Financial development in Latin America and the Caribbean: stylized facts and the road ahead

Available from: 
August 2013

By: Tatiana Didier and Sergio L. Schmukler (World bank)

The paper documents the major trends in financial development in Latin America and the Caribbean since the early 1990s. The paper compares trends in Latin America and the Caribbean with those in Asia, Eastern Europe, and advanced countries and compares countries within Latin America and the Caribbean. The findings show that financial systems in the Latin America and the Caribbean region have become more diversified and more complex.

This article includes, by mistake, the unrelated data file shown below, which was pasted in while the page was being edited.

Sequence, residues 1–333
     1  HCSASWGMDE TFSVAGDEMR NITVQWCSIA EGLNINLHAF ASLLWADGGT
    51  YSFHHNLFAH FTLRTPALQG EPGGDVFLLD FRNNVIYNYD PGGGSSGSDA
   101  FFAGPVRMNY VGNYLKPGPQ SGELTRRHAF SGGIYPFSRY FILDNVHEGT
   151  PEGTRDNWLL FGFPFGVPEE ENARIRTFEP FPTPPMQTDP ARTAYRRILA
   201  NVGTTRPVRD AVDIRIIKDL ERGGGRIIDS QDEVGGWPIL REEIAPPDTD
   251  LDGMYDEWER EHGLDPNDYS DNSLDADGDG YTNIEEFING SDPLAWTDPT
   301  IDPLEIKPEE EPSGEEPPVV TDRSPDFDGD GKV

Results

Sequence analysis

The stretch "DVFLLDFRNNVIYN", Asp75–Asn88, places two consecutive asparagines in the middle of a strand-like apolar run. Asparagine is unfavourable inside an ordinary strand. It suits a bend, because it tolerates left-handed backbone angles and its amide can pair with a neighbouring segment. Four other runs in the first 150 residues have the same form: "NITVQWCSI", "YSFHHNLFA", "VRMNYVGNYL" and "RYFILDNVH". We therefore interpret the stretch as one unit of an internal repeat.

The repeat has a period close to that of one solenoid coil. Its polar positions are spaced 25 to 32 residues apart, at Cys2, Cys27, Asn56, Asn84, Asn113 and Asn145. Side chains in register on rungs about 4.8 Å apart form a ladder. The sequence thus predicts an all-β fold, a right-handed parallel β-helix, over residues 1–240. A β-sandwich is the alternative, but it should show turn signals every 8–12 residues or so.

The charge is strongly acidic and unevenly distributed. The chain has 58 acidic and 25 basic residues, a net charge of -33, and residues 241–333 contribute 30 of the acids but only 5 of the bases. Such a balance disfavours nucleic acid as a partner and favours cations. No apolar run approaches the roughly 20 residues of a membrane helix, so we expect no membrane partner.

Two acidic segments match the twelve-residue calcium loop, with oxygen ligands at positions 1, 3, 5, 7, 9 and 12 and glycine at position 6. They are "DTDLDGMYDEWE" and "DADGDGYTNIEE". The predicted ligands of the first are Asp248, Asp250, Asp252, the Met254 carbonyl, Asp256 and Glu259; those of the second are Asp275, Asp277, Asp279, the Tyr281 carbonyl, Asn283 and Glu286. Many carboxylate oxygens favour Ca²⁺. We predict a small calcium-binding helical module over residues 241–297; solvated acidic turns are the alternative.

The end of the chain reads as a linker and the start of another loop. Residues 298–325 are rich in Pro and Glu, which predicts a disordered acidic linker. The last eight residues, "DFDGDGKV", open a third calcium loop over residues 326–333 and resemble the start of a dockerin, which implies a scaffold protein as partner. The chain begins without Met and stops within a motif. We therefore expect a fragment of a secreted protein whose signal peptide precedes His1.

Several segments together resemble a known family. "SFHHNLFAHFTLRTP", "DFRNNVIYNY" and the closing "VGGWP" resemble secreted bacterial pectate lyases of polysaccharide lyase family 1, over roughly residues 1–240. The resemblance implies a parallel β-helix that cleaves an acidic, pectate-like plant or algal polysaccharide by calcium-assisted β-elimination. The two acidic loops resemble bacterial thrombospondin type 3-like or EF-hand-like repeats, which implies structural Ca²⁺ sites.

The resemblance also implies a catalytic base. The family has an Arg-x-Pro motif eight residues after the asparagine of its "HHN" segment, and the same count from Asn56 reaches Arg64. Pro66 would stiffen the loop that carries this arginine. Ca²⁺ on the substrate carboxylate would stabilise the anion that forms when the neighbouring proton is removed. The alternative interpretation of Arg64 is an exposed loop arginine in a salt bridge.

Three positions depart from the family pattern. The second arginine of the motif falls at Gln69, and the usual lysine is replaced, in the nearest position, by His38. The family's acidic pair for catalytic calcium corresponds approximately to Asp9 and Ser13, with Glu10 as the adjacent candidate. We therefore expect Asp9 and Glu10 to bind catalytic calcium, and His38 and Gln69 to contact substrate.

In particular, domestic financial systems have become less bank-based, with bond and stock markets playing a larger role; institutional investors have gained some space in channeling domestic savings, thus increasing the availability of funds for investment in capital markets; and several economies in the region have started to reduce currency and maturity mismatches. Nonetheless, a few large companies continue to capture most of the domestic savings. And because these trends have unfolded more slowly than pro-market reformers had envisioned, broad, market-based financial systems with dispersed ownership have yet to materialize fully in the region. As a result, convergence is still largely failing to happen and the region's financial systems remain less developed than those of the advanced economies and several other emerging economies, most notably those in Asia.

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